Interpreting as creating a potential for understanding: Insights from a Danish courtroom.

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According to a widespread norm among legal representatives, legal interpreters should translate verbatim, or at least as close to the source utterance as possible. Yet, sociolinguists have shown repeatedly that the absence of verbatim translation is not inherently problematic. Differences between source utterances and their translations may in fact facilitate understanding. On the basis of a corpus of audio-recordings from a court in Denmark, we analyse differences between a request presented by legal representatives and then the interpreters' versions. We focus on a routinised and procedural request, usually presented by the prosecutor and addressed to the judge, and very often conveyed in a highly implicit manner. We demonstrate that the interpreters tend to elaborate and add particular types of information in their translation. We argue that the additions facilitate understanding for the accused, as many inferences, based on institutional insight, are needed in order to understand what the prosecutor means. We also point to the paradox that, although interpreters are tasked with creating understanding, it is almost impossible to assess whether they succeed and what insight the accused obtains. This is due to the institutional organisation of the type of court hearing analysed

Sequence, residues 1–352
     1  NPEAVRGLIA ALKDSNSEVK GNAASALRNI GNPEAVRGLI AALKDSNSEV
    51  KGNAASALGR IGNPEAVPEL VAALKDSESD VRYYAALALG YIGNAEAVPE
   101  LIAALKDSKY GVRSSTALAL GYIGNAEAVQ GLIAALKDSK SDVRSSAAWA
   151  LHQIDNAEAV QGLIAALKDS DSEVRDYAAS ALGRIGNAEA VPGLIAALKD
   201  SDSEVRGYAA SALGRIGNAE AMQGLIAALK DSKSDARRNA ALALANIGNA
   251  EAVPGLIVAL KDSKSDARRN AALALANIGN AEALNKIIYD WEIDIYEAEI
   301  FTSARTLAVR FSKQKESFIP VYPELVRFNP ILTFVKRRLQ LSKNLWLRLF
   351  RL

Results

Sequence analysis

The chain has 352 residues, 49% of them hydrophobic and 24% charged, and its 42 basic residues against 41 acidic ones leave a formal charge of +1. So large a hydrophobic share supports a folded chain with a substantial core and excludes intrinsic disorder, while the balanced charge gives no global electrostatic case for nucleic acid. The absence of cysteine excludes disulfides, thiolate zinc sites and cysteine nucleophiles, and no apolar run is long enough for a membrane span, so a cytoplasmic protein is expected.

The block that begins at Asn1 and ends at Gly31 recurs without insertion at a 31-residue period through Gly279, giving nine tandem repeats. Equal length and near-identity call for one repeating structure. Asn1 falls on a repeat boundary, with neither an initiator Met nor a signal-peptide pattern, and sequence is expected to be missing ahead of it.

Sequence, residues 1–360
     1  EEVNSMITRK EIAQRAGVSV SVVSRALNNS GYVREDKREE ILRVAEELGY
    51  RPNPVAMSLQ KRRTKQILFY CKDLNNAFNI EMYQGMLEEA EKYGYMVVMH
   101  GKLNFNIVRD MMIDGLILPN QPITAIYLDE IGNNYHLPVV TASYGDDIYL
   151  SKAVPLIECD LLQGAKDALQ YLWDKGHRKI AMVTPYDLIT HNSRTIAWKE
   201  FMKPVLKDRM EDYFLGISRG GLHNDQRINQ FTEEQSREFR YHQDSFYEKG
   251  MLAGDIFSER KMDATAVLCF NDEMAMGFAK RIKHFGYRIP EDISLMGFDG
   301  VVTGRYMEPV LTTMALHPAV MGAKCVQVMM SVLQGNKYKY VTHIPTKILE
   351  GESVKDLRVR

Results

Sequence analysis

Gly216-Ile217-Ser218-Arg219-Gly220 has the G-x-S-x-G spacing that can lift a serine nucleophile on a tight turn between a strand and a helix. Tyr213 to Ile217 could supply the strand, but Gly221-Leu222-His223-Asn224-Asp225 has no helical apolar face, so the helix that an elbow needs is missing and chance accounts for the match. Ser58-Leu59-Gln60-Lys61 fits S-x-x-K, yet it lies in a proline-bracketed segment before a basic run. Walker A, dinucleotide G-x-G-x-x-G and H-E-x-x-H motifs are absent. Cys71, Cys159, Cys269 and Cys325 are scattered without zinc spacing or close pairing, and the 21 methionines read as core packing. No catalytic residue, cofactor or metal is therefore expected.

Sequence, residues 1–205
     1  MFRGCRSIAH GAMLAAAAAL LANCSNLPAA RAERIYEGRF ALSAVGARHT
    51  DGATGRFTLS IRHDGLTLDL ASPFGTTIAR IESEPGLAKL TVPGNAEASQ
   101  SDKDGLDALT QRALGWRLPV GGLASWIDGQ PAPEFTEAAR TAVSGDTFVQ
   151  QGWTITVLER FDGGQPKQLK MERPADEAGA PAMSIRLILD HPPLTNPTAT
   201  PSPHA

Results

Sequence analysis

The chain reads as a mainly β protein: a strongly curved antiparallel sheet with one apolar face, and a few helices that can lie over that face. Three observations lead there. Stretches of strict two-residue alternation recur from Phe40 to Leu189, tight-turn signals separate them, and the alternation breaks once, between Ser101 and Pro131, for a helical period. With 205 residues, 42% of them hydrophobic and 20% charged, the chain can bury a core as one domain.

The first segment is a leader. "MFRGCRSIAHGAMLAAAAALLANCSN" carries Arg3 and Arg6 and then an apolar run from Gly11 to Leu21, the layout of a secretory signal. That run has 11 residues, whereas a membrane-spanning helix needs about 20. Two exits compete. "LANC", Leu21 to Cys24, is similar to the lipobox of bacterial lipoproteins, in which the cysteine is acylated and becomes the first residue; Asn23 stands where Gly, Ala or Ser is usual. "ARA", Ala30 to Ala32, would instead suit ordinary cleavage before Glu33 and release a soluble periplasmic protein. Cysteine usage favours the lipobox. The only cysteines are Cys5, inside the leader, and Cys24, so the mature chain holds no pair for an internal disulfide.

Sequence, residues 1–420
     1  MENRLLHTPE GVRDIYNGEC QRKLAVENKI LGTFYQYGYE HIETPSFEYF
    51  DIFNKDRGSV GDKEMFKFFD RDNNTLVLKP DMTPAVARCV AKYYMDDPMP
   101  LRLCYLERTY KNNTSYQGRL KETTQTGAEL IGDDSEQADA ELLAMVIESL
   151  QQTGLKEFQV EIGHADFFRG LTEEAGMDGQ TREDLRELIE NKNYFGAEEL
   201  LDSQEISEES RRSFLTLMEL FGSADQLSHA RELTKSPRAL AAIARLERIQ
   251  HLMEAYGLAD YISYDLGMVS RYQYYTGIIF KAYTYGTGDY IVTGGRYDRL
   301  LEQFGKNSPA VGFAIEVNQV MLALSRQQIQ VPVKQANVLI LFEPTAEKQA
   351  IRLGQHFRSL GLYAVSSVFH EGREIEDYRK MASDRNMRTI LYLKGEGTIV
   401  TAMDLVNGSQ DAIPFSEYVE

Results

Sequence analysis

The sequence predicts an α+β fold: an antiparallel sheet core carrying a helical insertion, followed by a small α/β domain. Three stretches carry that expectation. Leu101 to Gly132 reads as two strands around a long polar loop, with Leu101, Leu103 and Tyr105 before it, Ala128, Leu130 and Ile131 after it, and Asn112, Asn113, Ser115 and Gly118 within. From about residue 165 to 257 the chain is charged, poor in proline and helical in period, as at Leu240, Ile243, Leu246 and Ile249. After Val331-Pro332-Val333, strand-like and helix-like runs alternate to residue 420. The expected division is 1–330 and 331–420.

Original languageEnglish
JournalInternational Journal of Speech, Language and the Law
Issue number1
Pages (from-to)59-97
Publication statusPublished - 2021

ID: 261441866